Summer 2023

Can Entrepreneurship Improve Health Outcomes?

Yunwei Gai poses for a portrait outside

Researchers have long studied how entrepreneurship benefits the health of local economies. But, Yunwei Gai, associate professor of economics, is one of the first researchers to study how entrepreneurial ventures affect the health of the people who live nearby.

A Babson faculty member since 2007, Gai is a health economist who uses data analysis to examine healthcare markets, systems, and policy. He’s also interested in the “health ecology,” or the combination of factors that affect health outcomes in a community. With the help of a three-year grant from the Faculty Research Angel Fund (FRAF), sponsored by the Arthur M. Blank School for Entrepreneurial Leadership, Gai teamed up with Babson colleagues for an interdisciplinary project exploring how healthcare entrepreneurship can alter a community’s health ecology and address health disparities.

“We’re looking at how entrepreneurship and entrepreneurs can help improve health outcomes in the U.S. and improve health equity across different socioeconomic and income backgrounds,” Gai explains.

Working with the Kerry Murphy Healey Center for Health Innovation and Entrepreneurship, the research team includes Wiljeana Glover, the Stephen C. and Carmella R. Kletjian Foundation Distinguished Professor of Global Healthcare Entrepreneurship and associate professor in the Operations and Information Management Division; Candida Brush P’14, F.W. Olin Distinguished Professor of Entrepreneurship; and Alia Crocker, associate professor of strategy.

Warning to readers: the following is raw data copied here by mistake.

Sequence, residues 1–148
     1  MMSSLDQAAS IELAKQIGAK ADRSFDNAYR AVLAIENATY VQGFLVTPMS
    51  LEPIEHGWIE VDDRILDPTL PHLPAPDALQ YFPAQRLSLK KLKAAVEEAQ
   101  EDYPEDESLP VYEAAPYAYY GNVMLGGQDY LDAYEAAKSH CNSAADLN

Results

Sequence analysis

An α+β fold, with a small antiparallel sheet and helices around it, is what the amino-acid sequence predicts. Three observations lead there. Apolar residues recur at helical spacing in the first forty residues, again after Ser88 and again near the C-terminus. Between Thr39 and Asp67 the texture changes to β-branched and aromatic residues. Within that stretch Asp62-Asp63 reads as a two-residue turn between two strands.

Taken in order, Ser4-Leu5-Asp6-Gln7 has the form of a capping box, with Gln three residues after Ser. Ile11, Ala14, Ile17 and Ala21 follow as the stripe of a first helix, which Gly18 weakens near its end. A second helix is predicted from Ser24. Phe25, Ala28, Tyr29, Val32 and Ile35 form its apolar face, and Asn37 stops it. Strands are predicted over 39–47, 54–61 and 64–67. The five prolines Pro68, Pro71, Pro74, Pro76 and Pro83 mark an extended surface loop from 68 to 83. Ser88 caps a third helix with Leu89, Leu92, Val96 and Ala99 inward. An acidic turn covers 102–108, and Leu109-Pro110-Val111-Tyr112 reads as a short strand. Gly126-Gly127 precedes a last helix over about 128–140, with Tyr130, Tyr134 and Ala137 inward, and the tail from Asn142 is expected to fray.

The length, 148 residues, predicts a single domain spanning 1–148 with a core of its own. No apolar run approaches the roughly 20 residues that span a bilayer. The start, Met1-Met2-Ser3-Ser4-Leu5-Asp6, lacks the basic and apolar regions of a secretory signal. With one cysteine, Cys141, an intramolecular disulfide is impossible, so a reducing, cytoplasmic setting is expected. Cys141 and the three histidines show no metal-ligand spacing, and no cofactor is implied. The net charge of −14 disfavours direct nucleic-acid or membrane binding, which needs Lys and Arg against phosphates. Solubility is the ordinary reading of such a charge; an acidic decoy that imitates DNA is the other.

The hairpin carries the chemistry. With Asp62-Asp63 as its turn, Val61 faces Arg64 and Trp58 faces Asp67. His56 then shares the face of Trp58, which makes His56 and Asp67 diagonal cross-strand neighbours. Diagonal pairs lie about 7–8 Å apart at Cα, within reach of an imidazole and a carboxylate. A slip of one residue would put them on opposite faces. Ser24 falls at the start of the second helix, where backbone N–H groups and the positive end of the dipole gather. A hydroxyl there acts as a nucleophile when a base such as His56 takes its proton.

Why would they expect entrepreneurship to yield healthier communities? “Entrepreneurs by nature are very disruptive and very innovative,” Gai says. “They may approach problems with a very different perspective or mindset, and that can be extremely useful. We need new ways of delivering health care more efficiently.”

“Entrepreneurs by nature are very disruptive and very innovative. They may approach problems with a very different perspective or mindset, and that can be extremely useful. We need new ways of delivering health care more efficiently.”
Yunwei Gai, associate professor of economics

To determine if healthcare startups influence health outcomes, Gai collected 10 years of data on health-related measures in more than 3,000 U.S. counties. The data included the percentage of people who have health insurance per county, obesity rates there, the prevalence of binge drinking, and access to nutritious food, among many factors. He then merged this data with information about privately held, venture capital-funded healthcare service startups in these counties.

His analysis revealed higher levels of entrepreneurship were linked to lower rates of diabetes, obesity, and HIV infection, but overall, “we didn’t find a great impact,” Gai says. Because this is such a new area of research, he has returned to the drawing board, considering how to design future studies to yield more meaningful information. It may help to zero in on one type of healthcare startup—say, primary care clinics or companies that make digital medical devices—so that “we can see more clearly how entrepreneurship activities contribute to well-being,” he explains. Gai adds that he and other researchers need more complete data about healthcare startups, including details such as locations of operation, management and ownership structure, and firms’ relationship to local governments.

“I know that entrepreneurship matters in health care, but I’ve never had a chance to do this research,” Gai says. He’s enjoying the collaboration. “My three colleagues are fabulous researchers, and we are learning a lot from each other.”

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